Given that before starting an educational activity, be it study for a test or practice to play Beethoven’s 9th symphony, the outcome you want to obtain is known precisely, your creativity is not engaged much. This is, I believe, where the copy culture stems from. It comes as a lot more natural to learn and reproduce even extremely complicated procedures, rather than explore alternative, out of the box approaches.
In conclusion, while China has been able to sustain its tremendous growth over the past decades by adapting foreign experiences to Chinese realities, which is in an of itself a form of innovation, in the coming decades fundamental chances need to be made to push the boundaries of innovation forward, not only by Chinese, but global standards. Arguably tackling the education system is one of the key priorities. In some exceptional cases, families that have enough financial resources have already tackled this problem. There is a growing trend to send kids to school abroad or to international schools within China. More interestingly, however, some Chinese schools have programs for kids that plan to go university abroad and they are not wired around the GaoKao system. For parents to pick such an extreme option requires a lot of determination, as their kids will not be able to access Chinese universities because they lack the necessary requirements.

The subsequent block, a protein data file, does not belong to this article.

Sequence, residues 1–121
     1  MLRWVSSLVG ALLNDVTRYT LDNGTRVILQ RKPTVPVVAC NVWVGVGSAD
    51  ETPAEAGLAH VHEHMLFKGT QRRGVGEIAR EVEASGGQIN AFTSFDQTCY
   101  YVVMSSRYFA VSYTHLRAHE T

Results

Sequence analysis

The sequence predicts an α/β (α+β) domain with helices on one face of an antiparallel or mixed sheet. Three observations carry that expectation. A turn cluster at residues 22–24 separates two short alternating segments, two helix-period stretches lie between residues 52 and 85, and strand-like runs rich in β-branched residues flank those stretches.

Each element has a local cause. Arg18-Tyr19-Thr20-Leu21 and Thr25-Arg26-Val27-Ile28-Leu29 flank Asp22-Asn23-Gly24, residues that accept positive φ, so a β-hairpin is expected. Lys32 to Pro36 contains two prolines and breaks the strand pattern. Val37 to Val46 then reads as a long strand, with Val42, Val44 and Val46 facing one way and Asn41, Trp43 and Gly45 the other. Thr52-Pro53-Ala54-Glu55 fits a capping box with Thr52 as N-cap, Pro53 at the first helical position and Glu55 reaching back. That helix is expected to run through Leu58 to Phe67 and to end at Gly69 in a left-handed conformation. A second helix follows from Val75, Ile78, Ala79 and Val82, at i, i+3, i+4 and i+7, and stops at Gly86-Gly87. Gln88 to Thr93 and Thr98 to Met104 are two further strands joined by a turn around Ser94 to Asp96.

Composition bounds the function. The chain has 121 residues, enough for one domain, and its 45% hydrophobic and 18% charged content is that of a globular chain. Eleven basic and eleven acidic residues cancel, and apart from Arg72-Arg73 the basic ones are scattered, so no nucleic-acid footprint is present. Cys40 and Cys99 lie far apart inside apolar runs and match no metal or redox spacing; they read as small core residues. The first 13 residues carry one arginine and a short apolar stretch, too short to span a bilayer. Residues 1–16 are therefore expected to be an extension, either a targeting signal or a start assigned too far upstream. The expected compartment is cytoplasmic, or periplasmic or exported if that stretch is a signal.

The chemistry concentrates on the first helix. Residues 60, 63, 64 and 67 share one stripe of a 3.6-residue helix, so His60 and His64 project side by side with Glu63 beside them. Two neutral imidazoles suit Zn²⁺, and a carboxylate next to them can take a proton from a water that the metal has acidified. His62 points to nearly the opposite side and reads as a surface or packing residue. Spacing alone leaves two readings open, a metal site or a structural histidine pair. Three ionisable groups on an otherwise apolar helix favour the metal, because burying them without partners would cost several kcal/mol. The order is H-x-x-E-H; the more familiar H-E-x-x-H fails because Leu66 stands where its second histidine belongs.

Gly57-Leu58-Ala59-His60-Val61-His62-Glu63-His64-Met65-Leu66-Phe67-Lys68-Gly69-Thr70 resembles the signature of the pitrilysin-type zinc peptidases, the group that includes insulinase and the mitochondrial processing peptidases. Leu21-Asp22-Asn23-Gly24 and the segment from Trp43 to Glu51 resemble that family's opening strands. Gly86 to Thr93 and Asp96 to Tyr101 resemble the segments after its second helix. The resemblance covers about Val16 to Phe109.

Lastly, if China wants to become a fully developed nation by 2049, as the Chinese Communist party has promised, it has to maintain what’s positive about its educational system, strong work ethics and filial piety developed through parents’ involvement in the education process, while addressing the main downsides, an obsessively test-centric approach and the subsequent suppression of creative curiosity.